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Remote Learning Report Card: Average GPA Increased at Missouri Universities During Pandemic Parsing Factors Behind Better Grades

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Above image credit: The University of Missouri-Columbia reported that total enrollment last fall was 30,849, up 4% from the previous year – though still well below the record enrollment of 35,050 reached in the fall 2015. (Emily Wolf | Flatland)
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Online school was an adjustment at first for Adriana Velarde, a 2021 biology graduate at the University of Missouri-Kansas City.

“It was definitely hard at first, having everything online,” Velarde said. “Just having that face-to-face interaction kind of taken away from you and I know a lot of students depend on that.”

Eventually, though, she got used to it. And despite the sudden change, her GPA actually went up during the pandemic.

Adriana Velarde, a 2021 biology graduate at the University of Missouri-Kansas City, saw her GPA increase after the shift to remote learning during the COVID-19 pandemic.
Adriana Velarde, a 2021 biology graduate at the University of Missouri-Kansas City, saw her GPA increase after the shift to remote learning during the COVID-19 pandemic. (Contributed)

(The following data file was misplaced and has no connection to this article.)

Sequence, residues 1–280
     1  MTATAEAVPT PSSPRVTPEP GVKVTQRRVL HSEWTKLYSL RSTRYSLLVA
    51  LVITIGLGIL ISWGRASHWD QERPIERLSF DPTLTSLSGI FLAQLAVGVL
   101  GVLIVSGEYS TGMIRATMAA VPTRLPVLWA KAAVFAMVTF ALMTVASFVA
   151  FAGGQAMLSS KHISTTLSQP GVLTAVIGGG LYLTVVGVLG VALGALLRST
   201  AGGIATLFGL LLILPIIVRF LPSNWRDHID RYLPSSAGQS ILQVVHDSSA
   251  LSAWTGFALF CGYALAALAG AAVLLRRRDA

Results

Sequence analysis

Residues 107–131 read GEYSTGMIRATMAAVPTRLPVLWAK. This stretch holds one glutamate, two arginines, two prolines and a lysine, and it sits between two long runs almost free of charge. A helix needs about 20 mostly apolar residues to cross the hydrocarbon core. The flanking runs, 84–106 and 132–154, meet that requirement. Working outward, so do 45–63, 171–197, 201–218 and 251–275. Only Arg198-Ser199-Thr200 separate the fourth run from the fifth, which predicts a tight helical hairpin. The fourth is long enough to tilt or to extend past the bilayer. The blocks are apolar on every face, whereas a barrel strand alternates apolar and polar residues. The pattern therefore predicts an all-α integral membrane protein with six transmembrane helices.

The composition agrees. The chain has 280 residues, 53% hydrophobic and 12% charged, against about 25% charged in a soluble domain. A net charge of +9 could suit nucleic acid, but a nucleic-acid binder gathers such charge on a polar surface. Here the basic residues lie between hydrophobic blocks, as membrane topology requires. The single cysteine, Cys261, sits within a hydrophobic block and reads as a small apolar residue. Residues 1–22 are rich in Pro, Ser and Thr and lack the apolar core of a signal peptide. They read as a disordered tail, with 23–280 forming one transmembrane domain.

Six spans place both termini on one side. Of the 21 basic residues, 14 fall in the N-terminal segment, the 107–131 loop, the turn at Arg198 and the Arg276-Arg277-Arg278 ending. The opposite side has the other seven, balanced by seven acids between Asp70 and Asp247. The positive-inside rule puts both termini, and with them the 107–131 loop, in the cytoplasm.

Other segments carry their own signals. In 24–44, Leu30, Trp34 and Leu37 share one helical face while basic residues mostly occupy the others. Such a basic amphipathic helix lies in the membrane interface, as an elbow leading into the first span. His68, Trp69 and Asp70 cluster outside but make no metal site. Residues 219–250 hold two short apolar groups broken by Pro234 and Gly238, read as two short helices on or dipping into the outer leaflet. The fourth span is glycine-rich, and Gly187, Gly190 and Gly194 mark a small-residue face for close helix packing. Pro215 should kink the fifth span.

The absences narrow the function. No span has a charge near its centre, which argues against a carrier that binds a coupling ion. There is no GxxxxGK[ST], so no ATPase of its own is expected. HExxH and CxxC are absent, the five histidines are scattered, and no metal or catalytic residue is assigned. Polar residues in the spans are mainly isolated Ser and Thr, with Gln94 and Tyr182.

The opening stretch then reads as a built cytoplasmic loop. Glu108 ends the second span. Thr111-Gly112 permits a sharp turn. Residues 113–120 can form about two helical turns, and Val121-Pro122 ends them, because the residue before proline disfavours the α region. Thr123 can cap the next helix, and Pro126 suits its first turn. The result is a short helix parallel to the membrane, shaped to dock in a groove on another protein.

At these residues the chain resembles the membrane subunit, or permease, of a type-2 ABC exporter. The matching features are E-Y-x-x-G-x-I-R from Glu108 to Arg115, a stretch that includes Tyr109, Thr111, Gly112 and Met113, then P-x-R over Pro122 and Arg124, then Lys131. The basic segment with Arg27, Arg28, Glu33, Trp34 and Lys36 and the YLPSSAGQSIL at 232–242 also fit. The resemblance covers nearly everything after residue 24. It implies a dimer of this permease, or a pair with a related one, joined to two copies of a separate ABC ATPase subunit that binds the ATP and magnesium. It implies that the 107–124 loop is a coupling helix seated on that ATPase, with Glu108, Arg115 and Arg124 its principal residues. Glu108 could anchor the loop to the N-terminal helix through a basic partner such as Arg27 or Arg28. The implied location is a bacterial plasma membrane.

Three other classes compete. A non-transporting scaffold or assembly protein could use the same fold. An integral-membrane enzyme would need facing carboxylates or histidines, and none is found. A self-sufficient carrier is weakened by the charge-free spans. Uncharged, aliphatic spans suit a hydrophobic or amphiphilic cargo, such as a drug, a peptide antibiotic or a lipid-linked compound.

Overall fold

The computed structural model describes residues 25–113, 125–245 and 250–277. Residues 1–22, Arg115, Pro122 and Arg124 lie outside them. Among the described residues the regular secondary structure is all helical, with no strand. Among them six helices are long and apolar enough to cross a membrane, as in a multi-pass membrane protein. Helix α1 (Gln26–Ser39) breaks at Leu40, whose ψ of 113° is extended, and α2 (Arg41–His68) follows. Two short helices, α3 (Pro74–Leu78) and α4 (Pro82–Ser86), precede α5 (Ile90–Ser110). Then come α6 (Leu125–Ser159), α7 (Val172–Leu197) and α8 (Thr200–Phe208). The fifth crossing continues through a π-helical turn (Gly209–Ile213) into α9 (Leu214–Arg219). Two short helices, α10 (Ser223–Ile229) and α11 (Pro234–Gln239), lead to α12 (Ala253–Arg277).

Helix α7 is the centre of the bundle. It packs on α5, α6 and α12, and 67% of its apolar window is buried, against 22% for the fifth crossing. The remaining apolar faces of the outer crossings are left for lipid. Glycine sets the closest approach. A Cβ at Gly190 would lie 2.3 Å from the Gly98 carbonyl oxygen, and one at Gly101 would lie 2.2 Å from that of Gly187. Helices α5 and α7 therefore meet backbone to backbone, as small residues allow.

“I think I found myself making a more daily routine and having certain times where I focused and devoted my time to school,” she said. “Whereas in person, it was more like the hustle and bustle of everyday going to work, school, all that. I found myself having more time when it was all online.”

Velarde isn’t the only one who experienced a GPA boost during the pandemic. Data from the Missouri Department of Higher Education and Workforce Development show that the average GPA increased at all of the state’s public universities from spring 2019, prior to the pandemic, to spring 2020, when remote instruction began.

Although the 2.5% year-to-year increase in average GPA — from 3.15 to 3.23 — isn’t huge, such changes were remarkably consistent across all 13 public universities in the state.

Notably, younger students seemed to benefit more from remote instruction than their older peers. When broken down by grade level, GPA averages rose by about 5% for freshmen, 4% for sophomores, 2% for juniors and 1.5% for seniors from spring 2019 to spring 2020.

Missouri GPA Slideshow

University officials said several factors contributed to the improvement in GPA.

Part of the improvement may be attributable to change in grading policies during the spring 2020 semester. Many schools, including Missouri State University, the University of Missouri and University of Missouri-Kansas City, expanded their “pass or no pass” program —  otherwise known as “credit or no credit,” or “satisfactory or unsatisfactory.”

Under the program, students who received below a C- for the course did not pass, while those who received a C- and above did pass. Students who passed still obtained the hours they needed to graduate. But in all cases, the final grade was excluded from calculation of the GPA.

In the past, these options were only available for a limited number of classes. UMKC and MSU both ended the expanded option for the fall 2020 and spring 2021 semesters.